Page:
In our March webinar, Stephan Liozu, CEO of Ardex Americas, talked with us about how his mid-sized manufacturing company transitioned from a cost-based to a value-based pricing strategy. Click here to watch the recording or to download a copy of the slide deck. This is part one in a two-part series in which we review some of the questions which came from the audience.
Q: Your 5C Model (Champions, Change, Capabilities, Confidence, Center-led) for organizational mobilization for pricing is going to look a little bit different at every company. How did this look at Ardex?
Stephan: When I started my PhD work three years ago, Ardex was kind of a lab to experiment on the model. Really every C is used. At the end of the webinar, I showed a slide recapping the 5C Model with the Ardex story (see Figure 1 below).
But if you look at this transformational journey at Ardex on the Pricing Capability Grid™ (see Figure 2 below), there are two major axes. On the vertical axis is the pricing orientation, which addresses the question: How do you set price, based on cost, competition, and value? The horizontal axis is the price realization, which addresses your discipline in pricing: Do you have formalized processes? Do you have strong discipline in pricing to capture your value out in the market through price?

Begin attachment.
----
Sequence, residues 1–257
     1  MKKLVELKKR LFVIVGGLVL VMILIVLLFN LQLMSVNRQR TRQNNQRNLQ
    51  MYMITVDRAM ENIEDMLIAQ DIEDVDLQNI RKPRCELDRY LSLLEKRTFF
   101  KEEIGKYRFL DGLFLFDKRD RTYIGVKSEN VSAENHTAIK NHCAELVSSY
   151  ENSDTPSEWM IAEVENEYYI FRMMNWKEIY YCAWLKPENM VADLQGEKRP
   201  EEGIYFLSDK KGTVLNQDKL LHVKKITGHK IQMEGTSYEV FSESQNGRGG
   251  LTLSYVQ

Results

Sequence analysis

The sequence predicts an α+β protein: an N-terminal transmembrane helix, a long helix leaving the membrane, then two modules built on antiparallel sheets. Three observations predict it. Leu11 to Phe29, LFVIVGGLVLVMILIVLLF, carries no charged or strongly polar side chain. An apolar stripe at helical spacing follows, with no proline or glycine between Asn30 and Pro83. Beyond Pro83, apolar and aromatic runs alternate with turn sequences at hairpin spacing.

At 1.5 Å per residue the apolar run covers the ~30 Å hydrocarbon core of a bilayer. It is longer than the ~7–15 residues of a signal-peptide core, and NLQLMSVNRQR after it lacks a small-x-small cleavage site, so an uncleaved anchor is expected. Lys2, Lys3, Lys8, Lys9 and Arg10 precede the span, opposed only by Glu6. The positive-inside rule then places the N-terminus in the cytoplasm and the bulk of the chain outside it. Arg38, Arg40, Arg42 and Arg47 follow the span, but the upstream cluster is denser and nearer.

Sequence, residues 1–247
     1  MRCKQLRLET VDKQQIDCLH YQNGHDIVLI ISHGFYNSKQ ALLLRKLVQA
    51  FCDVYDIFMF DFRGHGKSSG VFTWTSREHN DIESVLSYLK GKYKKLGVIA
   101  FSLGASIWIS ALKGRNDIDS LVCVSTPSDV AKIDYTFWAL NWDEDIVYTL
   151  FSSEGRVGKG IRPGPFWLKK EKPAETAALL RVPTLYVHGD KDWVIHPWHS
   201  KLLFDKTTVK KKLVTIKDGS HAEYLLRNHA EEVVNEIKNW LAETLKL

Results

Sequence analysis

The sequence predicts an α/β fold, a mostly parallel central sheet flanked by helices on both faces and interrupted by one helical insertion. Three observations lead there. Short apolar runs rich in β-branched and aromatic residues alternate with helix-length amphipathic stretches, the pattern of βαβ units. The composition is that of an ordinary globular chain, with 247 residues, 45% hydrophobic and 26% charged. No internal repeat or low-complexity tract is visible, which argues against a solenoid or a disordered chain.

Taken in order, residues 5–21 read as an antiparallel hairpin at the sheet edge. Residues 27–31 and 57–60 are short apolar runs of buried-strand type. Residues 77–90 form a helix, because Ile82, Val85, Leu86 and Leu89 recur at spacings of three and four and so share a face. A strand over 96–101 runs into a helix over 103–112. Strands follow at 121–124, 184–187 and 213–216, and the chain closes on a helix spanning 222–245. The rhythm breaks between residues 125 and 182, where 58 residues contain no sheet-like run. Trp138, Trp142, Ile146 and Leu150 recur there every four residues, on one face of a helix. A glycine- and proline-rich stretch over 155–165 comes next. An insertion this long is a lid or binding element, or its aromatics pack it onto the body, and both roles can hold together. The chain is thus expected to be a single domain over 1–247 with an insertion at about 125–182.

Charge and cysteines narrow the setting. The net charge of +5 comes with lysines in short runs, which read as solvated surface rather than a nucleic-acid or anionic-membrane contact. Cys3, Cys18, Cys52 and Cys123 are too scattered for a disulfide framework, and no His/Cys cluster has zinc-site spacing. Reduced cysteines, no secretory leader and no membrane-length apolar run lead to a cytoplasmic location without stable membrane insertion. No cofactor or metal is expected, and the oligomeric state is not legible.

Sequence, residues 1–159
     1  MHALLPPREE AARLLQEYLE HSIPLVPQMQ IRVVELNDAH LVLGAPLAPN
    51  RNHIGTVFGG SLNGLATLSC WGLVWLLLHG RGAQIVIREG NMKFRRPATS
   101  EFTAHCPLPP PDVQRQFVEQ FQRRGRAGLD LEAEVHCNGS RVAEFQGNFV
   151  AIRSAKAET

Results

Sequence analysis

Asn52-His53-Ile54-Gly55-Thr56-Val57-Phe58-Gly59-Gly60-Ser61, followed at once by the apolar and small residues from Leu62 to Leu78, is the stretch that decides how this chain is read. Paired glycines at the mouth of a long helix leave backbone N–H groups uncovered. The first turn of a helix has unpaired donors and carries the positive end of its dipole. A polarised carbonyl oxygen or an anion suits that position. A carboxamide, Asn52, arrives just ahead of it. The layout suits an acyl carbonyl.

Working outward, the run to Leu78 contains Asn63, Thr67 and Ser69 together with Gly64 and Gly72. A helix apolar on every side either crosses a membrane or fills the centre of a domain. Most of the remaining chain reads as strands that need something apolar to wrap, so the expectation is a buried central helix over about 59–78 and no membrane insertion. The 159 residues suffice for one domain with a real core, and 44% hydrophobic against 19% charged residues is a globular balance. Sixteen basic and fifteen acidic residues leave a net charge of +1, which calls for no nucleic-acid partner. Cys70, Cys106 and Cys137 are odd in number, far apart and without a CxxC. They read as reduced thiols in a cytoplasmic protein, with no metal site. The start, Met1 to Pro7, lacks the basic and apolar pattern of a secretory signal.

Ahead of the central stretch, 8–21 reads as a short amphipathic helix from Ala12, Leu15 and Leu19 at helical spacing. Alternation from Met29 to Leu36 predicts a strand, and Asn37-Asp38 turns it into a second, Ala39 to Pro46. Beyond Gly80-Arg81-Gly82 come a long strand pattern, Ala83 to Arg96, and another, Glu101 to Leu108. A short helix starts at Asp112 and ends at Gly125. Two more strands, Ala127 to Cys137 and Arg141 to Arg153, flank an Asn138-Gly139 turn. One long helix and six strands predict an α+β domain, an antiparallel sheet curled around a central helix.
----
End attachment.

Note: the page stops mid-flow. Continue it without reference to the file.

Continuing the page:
You can see that Ardex progressed along the price realization axis before focusing on pricing orientation. Each company has to start somewhere; we decided to invest a lot in pricing processes before we actually discussed the orientation, but the journey will take a different shape for every company, with different curves on the Pricing Capability Grid™. You really want to aim to be at a very strong realization with value-based pricing, and that's where we hope to be in 2014. So you can see it's a six year journey. There's no rush. Pace yourself and make it right. Make it relevant for customers, and relevant internally for the organization.
Q: How have your channels responded to this journey, this value-based pricing transformation that you're taking them through?
Stephan: It depends how you position it. This is not a pricing project for them. We tell them, “We want to make you successful so we are going to train you on how to sell our very technical, high-priced products. We're going to train you on the value messaging and the value story, so that you can go out and sell to your customers.” We actually have distributors that do this very well and we are meeting with them. We have to educate our trade partners to have the same message, to be in alignment with our messages down the value chain. Obviously, sometimes we have to do a lot more messaging to them, but we do that very well now with the dollarization process*. The beauty of value-based pricing is that you create more transparency by promoting your value drivers and explaining why there is a differential in value. Customers like it because you satisfy their need to understand the price. If you just give them a high price without explaining anything, they'll get frustrated. So far, we've only received positive feedback on these training sessions and our innovation in all the products we launch.
Q: Really what you're describing is building that confidence in the channels, and in the customers as well.
Stephan: Yes, exactly.
*More on this topic to follow in part two of this two-part series with Stephan.